Most Disappointing Choice: Lack of Geographical Sports Awareness

This week’s group date tried to go for a Scottish vibe by staging a Highland Games. Led by two bearded Scotsmen (who, for some reason, were subtitled, even though their English was perfectly understandable), the men took part in axe throwing, a yoke race where the men carried two full buckets of milk, and Scottish backhold wrestling.

Which was weird, because the Highland Games are a real thing, and neither axe throwing nor milk racing are legitimate events. The big event at the Highland Games is the caber toss, where you throw a big log. Perhaps that was asking too much of Bachelorette contestants, but there are also a lot of other events that involve tossing heavy stuff. They also do tug-of-war, which could’ve made sense as a Bachelorette activity. But axe tossing? That’s the new preferred unsafe activity of drunk hipsters across the nation. They could’ve done that in America!

Meanwhile, last week’s episode in Rhode Island featured rugby—which, in case you didn’t know, is not the national sport of Rhode Island. In fact, it’s actually a sport that Scotland is very good at! The guys should’ve gone axe-throwing in Rhode Island and played rugby in Scotland. Or at the very least, they could’ve tried throwing a big-ass log.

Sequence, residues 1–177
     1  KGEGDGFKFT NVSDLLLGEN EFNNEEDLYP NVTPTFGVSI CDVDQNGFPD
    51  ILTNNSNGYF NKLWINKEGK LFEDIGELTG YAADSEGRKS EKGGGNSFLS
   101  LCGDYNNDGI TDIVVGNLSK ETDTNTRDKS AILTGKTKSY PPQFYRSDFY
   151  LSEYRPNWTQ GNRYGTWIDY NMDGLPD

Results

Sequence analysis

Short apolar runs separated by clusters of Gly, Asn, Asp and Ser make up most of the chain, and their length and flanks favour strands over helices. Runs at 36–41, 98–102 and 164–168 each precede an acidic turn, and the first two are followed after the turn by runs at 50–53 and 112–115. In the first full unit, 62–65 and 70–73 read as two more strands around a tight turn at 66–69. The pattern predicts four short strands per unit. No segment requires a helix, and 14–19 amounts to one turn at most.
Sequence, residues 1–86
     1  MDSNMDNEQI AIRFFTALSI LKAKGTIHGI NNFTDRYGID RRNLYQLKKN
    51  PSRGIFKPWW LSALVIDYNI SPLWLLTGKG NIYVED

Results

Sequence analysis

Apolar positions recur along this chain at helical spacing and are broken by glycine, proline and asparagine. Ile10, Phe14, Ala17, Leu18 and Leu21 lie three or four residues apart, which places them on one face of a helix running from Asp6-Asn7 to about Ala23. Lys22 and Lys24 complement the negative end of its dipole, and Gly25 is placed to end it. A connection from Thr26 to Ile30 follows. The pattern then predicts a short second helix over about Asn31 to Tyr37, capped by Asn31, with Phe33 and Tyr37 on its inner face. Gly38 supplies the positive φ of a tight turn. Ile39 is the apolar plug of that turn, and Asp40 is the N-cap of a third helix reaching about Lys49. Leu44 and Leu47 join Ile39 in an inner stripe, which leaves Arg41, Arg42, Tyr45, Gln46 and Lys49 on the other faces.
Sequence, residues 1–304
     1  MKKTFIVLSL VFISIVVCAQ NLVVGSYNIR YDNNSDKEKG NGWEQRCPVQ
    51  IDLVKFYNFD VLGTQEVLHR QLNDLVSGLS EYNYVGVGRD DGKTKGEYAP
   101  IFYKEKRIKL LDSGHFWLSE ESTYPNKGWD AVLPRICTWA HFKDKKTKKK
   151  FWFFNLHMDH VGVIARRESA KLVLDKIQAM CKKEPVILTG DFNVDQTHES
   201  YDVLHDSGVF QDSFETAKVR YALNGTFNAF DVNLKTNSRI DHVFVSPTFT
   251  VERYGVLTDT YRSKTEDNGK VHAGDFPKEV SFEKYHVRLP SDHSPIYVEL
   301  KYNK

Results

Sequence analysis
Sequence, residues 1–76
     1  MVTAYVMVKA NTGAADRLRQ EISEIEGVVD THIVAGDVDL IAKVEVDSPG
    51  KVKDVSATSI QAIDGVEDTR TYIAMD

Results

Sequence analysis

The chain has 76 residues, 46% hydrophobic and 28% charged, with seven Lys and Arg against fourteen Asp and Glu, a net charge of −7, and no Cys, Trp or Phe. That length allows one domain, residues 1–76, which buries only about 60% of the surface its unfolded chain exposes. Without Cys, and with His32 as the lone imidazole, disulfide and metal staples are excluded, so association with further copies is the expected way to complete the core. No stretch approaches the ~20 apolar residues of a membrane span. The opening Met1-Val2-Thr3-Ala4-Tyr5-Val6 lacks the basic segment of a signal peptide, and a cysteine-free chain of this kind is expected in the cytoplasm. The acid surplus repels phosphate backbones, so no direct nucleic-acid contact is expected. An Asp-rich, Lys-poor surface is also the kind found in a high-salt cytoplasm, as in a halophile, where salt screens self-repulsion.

Most Unfortunate Slander: The Loch Ness Monster

In Tuesday’s episode, multiple contestants dubbed Luke “The Luke Ness Monster.” Honestly, great pull—this episode was filmed in Inverness, which you can tell by the name is near River Ness and Loch Ness. When using the nickname, the guys described Luke maliciously: Although his exterior seems attractive, an unseemly monster lies beneath.

However, none of this describes the Loch Ness monster. If anything, the guys were describing Nessie’s inverse. Many people have reported sightings of a weird dinosaur/snake in that Scottish lake, which terrifies and haunts them, but Nessie has never done anything monstrous. The “monster” never ate any visitors or sunk any ships or destroyed any local livestock. People just see the beast and assume it’s evil because it’s ugly and unknown.

Luke might be hot outside and ugly inside. Nessie, on the other hand, is ugly outside, and maybe if we took a minute to get to know her, we’d learn that she’s a sweet soul who wishes we’d stop calling her a monster. Unfortunately, the men of The Bachelorette are so superficial, I doubt Nessie would even make it to hometowns.